20 Amazing Places You Have To Visit In The UK

Lists, Nature, Photography, Travel

If you’re from the UK, it’s more than likely that you’ve been mistaken for a Londoner at least once in your life. To the tourists and visiting public, it seems that if you don’t live in London, you don’t live anywhere in particular and despite the huge number of places outside of the British capital, they don’t really seem to know about them. In other parts of the UK, however, there are a huge amount of diverse and varied places to visit and whether you like city living or rural downtime, there’s something for you.

The UK is more than just its capital and once you’ve visited these places, you won’t even remember that London exists.


A city clad in sandy Georgian stone, Bath is one of the most beautiful places in the country. Whether you want to take the Jane Austen trail, visit the city’s Roman baths or just relax in the rooftop spa, there’s something to please all kinds of visitors in this South West city. In the heart of the countryside, Bath offers the perfect rural/urban balance.


In the north, Manchester is considered the best city in the UK and it’s not hard to see why. Packed with British history, photo-worthy city spots and the country’s best underground music scene, Manchester is where the coolest people hang out and never leave.


York might be very cold in the winter but its incredible architecture more than makes it for it. As winding streets lead to Roman fortifications and a Gothic cathedral, you will have to remind yourself what century you’re in. A historical city to the core, York has beautiful cityscape views and the best country pubs in the UK.

The Peak District

It’s not all about cities in the UK; the Peak District boasts some of the most stunning hill walks and trekking paths in the country. Located in the North, it spans a huge area of land and once you’ve found your way in, it’s very easy to lose civilization entirely.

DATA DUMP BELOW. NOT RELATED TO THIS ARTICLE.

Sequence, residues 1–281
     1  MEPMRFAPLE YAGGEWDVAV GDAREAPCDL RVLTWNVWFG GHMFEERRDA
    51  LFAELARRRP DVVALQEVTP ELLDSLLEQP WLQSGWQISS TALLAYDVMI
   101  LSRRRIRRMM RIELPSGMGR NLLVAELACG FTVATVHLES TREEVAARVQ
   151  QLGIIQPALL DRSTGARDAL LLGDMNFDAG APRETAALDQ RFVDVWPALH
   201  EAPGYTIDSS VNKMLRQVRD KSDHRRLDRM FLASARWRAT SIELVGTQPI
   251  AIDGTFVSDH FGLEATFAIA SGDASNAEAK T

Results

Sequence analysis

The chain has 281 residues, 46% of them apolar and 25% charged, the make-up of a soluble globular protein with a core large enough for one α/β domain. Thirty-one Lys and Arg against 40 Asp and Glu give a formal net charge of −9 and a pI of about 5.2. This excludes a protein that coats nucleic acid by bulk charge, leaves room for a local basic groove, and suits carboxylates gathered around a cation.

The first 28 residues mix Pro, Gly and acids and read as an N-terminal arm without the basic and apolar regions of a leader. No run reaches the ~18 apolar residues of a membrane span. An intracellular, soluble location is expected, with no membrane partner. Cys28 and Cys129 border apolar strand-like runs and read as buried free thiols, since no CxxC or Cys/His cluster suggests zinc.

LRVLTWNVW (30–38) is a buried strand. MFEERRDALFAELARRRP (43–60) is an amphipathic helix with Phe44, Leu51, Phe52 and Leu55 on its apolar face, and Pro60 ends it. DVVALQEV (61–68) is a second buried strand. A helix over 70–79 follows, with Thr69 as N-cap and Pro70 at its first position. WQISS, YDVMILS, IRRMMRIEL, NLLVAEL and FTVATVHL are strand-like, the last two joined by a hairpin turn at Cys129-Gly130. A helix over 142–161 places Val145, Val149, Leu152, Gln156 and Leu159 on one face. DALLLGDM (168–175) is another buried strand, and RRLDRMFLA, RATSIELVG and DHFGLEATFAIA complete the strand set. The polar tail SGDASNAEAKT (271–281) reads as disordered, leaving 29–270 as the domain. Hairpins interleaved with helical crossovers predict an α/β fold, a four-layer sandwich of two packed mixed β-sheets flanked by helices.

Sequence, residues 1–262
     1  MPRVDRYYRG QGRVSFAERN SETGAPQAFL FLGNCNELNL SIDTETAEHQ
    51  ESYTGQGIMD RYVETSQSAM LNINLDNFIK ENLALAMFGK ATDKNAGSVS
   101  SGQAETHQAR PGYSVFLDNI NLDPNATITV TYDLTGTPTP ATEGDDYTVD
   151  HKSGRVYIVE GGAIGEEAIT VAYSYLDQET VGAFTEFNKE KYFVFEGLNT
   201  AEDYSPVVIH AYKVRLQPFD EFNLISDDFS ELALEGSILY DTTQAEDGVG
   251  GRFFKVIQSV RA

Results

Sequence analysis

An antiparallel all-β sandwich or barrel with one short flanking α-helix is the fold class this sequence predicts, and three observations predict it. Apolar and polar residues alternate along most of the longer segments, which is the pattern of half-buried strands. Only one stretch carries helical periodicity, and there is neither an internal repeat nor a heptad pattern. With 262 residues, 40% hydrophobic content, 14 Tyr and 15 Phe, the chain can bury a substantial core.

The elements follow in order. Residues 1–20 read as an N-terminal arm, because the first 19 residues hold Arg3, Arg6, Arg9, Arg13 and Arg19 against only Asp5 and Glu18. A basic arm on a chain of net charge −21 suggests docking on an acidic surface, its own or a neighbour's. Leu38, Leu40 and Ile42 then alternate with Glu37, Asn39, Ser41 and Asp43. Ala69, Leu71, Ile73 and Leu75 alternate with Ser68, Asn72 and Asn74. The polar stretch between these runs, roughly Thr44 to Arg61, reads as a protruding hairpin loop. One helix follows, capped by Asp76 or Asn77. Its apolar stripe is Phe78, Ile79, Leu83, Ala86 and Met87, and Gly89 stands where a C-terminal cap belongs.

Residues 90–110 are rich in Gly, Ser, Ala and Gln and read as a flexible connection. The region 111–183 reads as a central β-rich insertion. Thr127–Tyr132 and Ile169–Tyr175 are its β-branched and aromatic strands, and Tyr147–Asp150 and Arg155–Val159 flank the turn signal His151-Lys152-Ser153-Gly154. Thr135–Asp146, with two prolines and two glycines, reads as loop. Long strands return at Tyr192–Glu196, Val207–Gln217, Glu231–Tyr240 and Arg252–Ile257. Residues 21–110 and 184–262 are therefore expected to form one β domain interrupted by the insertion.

Scotland’s capital, Edinburgh is one of the country’s best and most beautiful cities. Each summer, thousands of people flock to the Edinburgh festival where they gorge themselves on comedy, cinema and the best art for miles around.


Home to one of the world’s most famous universities, there’s more to Cambridge than meets the eye. Whilst it is best known for its cathedral and punting boats, the city contains some of the UK’s best restaurants and bakeries, making it a piece of heaven for the food connoisseur.

The Lochs

If you go to Scotland’s highland lochs, you might be in for more than just a stunning country view. Loch Ness is said to be the home of the infamous Loch Ness monster and whilst there has never been any solid proof, people still flock to the area in the hopes of spotting the water giant for themselves.


If you’re bored with the historical sights that other, smaller cities offer, Leeds is a great alternative. A short train ride from historic York, Leeds has some of the best music acts in the country and no matter where you are in the city, there’s bound to be something new going on.


Nestled right next to Bath is its slightly cooler younger sibling, Bristol. As well as boasting a gorgeous dockside culture, the city is also chock full of art shows, food festivals and cinemas. If you’re into the environment, that’s good too; Bristol is currently this year’s European Green Capital.